The halls of private schools aren’t remotely hallowed. After walking them for 13 years, I should know. In fact, they were far from it—they gave structure to the confusion and hopelessness that categorized my experience in what, by its own claim, is an elite preparatory school. While I still appreciate the fact that I had some academic opportunities that many aren’t afforded, I look back on them as being relatively small compared to the immense, suffocating pressures implicit within the broader society of which my school was a member.
My school was a place of extreme conformity visibly enforced by rules such as a uniform (probably why I will never wear khakis again) and by the fear culture that we placed on anyone remotely different than us. I, for one, was constantly terrified because I didn’t exactly fit the mold of other boys at my school. t The fact that I loved art, reading and music, and didn’t particularly care if the Jets were 0-16 in a given year seemed to me as being not personal assets, but massive liabilities that would bring about surefire castigation or ostracization if anyone else found out.
But the currents of conformity ran deeper than just people being particularly nasty to assumed outsiders—it included a pervasive code of behavior that, from my perspective, undermined any claim to meritocracy or any value in achievement. Most of us, myself included, indulged ourselves in creating images of incredible excess, of bragging about how much money we could spend on our parents’ credit cards, without ever remotely putting on a façade of working or wanting to contribute to society in any way. I bought into that culture halfheartedly and hypocritically: I spent thousands of dollars on clothes after I was called a peasant for turning down the wrong street walking home. Yet I always felt that what I was doing was just wrong.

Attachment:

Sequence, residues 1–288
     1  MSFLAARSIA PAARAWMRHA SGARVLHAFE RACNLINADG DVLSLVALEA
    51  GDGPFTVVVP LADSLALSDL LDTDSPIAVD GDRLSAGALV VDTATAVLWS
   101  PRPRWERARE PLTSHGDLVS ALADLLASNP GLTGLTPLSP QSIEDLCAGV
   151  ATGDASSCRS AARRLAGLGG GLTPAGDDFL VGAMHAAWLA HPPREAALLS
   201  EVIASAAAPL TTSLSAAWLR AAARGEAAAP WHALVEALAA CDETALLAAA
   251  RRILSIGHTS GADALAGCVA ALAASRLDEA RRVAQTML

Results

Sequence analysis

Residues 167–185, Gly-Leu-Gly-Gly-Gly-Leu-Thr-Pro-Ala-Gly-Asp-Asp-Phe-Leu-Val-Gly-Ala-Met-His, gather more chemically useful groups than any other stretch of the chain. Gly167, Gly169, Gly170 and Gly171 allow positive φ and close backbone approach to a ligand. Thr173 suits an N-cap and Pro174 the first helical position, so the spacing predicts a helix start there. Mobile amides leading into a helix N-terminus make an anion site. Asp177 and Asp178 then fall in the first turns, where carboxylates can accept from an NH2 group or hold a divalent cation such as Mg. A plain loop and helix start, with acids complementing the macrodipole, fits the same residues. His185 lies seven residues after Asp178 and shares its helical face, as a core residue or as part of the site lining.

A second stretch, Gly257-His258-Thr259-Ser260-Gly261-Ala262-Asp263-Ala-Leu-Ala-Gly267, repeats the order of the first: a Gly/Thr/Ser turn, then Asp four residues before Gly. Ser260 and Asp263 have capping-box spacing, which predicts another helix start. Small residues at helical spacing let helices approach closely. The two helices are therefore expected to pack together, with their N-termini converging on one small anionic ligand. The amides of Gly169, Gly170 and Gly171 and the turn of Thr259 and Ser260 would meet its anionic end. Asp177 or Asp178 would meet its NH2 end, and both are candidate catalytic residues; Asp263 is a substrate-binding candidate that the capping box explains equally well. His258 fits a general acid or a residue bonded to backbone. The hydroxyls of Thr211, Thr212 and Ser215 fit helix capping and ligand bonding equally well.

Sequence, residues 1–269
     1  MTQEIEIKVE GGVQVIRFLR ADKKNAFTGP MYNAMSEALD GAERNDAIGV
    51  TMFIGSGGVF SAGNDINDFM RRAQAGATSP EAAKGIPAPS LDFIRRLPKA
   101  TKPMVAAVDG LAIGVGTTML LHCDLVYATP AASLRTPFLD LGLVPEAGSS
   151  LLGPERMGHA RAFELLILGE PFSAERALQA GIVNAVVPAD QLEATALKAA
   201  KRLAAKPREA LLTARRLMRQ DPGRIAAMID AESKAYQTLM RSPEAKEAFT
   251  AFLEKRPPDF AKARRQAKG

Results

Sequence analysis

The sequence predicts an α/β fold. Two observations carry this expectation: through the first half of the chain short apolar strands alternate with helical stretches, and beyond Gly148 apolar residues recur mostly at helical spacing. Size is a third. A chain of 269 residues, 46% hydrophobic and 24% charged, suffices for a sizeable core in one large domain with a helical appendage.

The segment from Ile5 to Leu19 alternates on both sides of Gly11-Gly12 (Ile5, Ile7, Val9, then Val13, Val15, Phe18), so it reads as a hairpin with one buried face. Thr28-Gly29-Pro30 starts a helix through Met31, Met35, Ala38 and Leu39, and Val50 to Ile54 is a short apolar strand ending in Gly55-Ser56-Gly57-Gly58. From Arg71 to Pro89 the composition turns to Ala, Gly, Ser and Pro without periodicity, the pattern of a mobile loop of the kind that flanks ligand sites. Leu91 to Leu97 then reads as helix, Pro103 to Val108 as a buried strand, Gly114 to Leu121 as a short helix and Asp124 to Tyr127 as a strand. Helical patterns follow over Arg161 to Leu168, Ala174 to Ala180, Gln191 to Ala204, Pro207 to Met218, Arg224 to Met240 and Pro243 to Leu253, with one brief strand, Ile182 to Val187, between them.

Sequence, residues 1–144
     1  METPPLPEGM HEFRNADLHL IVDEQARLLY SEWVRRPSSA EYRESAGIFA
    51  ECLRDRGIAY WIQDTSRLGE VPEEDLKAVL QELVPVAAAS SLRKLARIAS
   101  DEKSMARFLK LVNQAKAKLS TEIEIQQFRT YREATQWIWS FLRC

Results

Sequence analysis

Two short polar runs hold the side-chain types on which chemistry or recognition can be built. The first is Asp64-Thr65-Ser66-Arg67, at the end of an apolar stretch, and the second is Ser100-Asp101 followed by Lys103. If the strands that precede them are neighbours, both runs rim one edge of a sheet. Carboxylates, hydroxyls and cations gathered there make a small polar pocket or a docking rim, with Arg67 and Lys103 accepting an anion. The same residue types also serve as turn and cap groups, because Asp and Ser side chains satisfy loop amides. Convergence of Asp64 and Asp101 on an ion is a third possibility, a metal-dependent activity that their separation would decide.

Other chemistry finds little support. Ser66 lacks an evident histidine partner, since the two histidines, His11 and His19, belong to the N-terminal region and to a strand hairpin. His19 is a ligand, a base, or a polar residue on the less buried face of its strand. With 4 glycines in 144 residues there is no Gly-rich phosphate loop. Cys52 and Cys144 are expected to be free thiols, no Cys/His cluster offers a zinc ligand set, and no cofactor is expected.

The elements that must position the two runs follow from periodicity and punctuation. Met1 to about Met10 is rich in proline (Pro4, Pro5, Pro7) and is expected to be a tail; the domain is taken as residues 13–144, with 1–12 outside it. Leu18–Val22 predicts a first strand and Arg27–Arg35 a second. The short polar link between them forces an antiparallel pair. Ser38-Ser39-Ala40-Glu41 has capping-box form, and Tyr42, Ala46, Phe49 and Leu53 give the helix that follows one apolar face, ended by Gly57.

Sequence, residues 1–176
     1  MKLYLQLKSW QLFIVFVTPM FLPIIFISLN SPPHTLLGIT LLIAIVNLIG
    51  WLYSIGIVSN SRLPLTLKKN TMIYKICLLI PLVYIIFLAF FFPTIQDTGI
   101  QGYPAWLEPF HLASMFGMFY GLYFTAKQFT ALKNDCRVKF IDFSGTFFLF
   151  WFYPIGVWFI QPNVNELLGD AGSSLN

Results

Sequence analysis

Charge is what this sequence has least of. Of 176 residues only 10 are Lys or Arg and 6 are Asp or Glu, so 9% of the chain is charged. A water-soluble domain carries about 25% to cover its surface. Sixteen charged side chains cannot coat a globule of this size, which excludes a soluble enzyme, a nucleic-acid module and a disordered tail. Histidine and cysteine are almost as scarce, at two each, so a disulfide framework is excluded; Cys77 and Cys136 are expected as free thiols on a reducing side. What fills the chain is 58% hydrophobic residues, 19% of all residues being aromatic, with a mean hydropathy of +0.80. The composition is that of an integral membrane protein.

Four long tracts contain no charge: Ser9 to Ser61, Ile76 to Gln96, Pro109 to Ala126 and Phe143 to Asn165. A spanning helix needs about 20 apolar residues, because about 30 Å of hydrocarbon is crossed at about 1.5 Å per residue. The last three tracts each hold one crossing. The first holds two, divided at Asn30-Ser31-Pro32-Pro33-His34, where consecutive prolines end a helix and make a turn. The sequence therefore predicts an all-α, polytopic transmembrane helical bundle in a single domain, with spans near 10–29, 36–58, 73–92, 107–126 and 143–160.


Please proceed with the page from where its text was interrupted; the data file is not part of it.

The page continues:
It was social meanings we attached to success, however, that most acutely distressed me. They stemmed from two ideas. First was the notion that the world was a zero-sum game and that one only did well by ensuring others did poorly. Second was the fact that because I always felt a pressure to hide as many intellectual or personal interests as I possibly could—even from some of my closest friends—I felt that any achievement I made, no matter how big or small or even in things I was genuinely interested in, was entirely worthless and empty.
Achievement was implicitly derided most likely because, as a group, we tended to look up to those of us who would never have to work for a living. And, in a place with such enforced conformity, where there wasn’t particularly much opportunity for anyone to distinguish themselves athletically or academically, it was ostentatious displays of wealth that set people apart. The culture was so pervasive that everything in my school carried a plaque reminding us of its ‘generous donor’—even the school motto.
Through all this, however, was the unrelenting pressure to lie about being happy. I never was, yet whenever I’d be brought into a meeting with teachers or administrators and asked how I was doing I knew that it was better for me to lie and say I was passively happy with my experience in school. I did it out of fear—fear that by even hinting that I found something amiss or wrong would be immediately blamed on me. I was too scared that there was really no place for criticism, no matter how small.
All in all, I don’t particularly believe that having an elite primary education really helped me. Instead, it distorted the way I see the world. I came to believe that people interact with each other in naturally bad faith, that figures of authority are far more interested in self-dealing than helping those under their watch, that there is little empowerment in education, and that intelligence and interest are little other than personal liabilities. But most of all, my experiences have left me grasping at some vague concept of a normal life with no real idea what that is. Duke, while it may be far more diverse and ‘normal’ than where I came from, has taught me that my vague notion of normalcy still may not exist.
Andrew Orme is a Trinity sophomore. His column usually runs on alternate Tuesdays.